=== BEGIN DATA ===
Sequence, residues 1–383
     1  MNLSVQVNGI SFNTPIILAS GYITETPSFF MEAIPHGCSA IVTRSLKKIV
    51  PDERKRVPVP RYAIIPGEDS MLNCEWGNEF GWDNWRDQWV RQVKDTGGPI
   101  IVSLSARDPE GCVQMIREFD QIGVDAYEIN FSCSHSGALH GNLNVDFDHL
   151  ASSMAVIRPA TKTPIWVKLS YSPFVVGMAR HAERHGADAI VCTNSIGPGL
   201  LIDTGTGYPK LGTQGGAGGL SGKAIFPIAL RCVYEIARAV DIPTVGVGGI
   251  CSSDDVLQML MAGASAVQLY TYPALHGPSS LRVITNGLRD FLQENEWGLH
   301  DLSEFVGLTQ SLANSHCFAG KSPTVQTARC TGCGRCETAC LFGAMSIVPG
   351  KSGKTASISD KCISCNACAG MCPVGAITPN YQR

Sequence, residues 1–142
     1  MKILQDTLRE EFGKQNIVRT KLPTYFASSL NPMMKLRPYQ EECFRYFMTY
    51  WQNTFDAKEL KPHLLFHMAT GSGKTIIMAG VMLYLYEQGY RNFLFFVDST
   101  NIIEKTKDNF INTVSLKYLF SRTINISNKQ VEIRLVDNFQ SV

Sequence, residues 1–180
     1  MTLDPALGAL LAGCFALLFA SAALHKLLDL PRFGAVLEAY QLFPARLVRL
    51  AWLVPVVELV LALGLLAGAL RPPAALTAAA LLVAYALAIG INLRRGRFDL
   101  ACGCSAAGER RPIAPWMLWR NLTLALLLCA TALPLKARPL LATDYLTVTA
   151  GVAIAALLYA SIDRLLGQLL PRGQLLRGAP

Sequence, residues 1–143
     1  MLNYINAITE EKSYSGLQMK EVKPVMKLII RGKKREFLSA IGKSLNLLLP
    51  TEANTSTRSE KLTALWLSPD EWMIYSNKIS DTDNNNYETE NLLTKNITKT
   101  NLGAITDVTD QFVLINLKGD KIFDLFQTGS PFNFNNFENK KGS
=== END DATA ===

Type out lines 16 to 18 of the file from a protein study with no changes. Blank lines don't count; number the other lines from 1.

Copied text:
    51  AWLVPVVELV LALGLLAGAL RPPAALTAAA LLVAYALAIG INLRRGRFDL
   101  ACGCSAAGER RPIAPWMLWR NLTLALLLCA TALPLKARPL LATDYLTVTA
   151  GVAIAALLYA SIDRLLGQLL PRGQLLRGAP